Things are planned much more elaborately. We do a lot of research on the best accommodations; best tour packages;  even customize the tour packages; cabs to book; the most recommended places to visit; places where we get the best local cuisine;  places where we get to explore the local markets for the best shopping and so on....and thus it is a good 3-4 weeks of planning to optimize the tour experience.
Trips have now  become much more personalized, more comfortable and customized to meet our personal comfort levels resulting in now sitting back to enjoy the trip rather than a breathless frenzy of a series of sight seeing places as marked in the government agenda.
Sikkkim has been an out of world experience. I will be writing more on the trip in the next few posts. Yet, to sum it up in a few lines:
Sikkim: a land of hills, slopes, waterfalls, steps going up and down all the time, hazardous roads and routes.
Kolkata: a land of huge huge traffic jams. Most of the time all that we did was sitting in the environs of our AC cab waiting to reach our destination.

Tuesday, October 2, 2012

Ohri's @ Banjara Hills

Reviewing an Ohri's is as though one is trying to review the Chutney's. Both the restaurant chains are so well-known across Hyderabad that a review seems redundant!
Yet, the glaring difference between the two is consistency. Where Chutney's has a consistent taste across its branches, Ohri's is not so. The taste varies according to the location.  The cuisine isn't consistent either. Each Ohri restaurant has its own menu AND price. The quality varies too. If one were to have at Ohri's at any of the malls, one finds a much watered-down version of the taste (though not the price). I therefore steer clear of Ohri's at food courts at any of the malls/multiplexes.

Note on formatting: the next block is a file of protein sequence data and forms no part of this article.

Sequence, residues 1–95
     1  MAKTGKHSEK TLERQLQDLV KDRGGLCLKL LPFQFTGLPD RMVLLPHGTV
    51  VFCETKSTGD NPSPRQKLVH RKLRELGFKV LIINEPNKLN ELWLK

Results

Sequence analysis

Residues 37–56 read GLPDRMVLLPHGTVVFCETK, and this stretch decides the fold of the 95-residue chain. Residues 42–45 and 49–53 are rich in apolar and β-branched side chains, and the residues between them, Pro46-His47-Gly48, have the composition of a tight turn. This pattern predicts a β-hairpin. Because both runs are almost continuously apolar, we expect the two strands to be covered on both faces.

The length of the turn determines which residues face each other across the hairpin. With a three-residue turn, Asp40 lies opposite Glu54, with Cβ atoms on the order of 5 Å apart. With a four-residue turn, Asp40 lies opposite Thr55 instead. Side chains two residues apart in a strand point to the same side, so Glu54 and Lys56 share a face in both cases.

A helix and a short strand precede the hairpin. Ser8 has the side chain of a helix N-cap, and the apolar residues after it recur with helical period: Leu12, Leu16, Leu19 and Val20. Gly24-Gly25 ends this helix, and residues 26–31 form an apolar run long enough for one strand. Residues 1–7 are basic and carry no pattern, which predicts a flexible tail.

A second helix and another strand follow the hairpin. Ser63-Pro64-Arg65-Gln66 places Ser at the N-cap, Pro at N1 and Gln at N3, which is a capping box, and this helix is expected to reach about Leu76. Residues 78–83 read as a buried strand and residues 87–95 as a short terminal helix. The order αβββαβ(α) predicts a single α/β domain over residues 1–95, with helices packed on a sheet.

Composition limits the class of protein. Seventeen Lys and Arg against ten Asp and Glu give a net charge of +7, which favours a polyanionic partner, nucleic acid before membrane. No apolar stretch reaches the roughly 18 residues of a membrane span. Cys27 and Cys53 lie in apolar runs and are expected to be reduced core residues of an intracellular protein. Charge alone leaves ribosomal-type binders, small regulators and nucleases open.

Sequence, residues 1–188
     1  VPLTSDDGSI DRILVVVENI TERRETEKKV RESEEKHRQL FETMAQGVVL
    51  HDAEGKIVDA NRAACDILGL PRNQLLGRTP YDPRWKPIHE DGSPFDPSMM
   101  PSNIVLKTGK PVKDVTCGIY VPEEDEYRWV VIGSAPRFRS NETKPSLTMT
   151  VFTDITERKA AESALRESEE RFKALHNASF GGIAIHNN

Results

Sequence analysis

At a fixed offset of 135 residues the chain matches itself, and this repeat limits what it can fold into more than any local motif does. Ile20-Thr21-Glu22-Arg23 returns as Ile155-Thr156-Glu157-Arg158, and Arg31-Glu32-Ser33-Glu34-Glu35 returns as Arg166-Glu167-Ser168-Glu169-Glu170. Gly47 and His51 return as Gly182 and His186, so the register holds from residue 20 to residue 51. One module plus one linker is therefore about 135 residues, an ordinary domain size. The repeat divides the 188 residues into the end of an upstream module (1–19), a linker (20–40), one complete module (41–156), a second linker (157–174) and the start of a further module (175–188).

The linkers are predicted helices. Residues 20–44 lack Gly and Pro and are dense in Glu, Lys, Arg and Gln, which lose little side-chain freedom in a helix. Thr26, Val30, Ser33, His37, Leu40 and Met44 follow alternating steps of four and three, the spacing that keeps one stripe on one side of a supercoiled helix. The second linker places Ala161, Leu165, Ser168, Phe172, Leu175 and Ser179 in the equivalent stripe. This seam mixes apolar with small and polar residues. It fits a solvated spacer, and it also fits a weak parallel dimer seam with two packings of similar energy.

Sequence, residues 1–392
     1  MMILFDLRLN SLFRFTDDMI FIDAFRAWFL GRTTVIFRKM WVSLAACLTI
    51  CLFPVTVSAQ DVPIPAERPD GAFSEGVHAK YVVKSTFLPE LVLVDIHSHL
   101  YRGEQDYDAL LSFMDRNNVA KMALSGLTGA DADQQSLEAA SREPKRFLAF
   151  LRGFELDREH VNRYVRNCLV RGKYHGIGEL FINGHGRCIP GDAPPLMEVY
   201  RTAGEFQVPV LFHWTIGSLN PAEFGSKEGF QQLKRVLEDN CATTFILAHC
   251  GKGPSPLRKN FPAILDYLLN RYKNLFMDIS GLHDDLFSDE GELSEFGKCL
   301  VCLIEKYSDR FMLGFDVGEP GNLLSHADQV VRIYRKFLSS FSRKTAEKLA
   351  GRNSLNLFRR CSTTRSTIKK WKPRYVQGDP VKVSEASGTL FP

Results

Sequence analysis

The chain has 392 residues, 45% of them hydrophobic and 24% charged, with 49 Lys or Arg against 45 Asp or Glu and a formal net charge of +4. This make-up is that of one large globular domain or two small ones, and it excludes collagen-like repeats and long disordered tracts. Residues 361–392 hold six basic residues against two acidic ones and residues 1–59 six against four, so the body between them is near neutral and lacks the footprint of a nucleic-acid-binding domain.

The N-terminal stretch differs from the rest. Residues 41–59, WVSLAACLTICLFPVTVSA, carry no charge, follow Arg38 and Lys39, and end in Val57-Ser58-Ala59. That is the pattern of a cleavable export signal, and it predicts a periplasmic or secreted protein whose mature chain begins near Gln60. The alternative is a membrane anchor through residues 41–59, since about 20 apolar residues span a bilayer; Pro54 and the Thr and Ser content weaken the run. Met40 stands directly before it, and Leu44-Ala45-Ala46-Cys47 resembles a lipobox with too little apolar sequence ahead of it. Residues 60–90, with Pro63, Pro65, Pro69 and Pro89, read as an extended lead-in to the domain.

I happened to visit the Ohri's at Banjara Hills. I had had their à la carte fare earlier and today I was in the mood for a buffet. I keep seeking the USP of a restaurant while writing its review. If a restaurant doesn't have its distinguishing feature, why would any one feel compelled to visit it again? Well, the Ohri's @ Banjara is clear about its USP, it truly offers a  huge spread: a feast for the glutton but wasted on small eaters like me. Given below a list of all that they offered on the day of my visit: a weekend.
It offers both veg and non veg. I have omitted the non-veg items but noticed that there were about six of those too.

Started with Veg Shorba

Starters:
Shangai baby Corn
Banana Pakoda

Salads:
Pasta Papaya Salad
Chilly cucumber
Tomato Chat

Main Course:
Pudina rice
Veg Biryani
Dondakayi kura
Dal Makhani
Jeera Aloo
Khumb Kadi
Shahi paneer
Bhindi Adraki
Sabzi hariyali
Rotis

 Continental:
Macroni Alfredo
Vegetable Marinara
Pizza

Chinese
Veg in Soya Garlic Sauce
Veg Soft noodles

Chaat Counter:
Pani Puri
Papdi Chat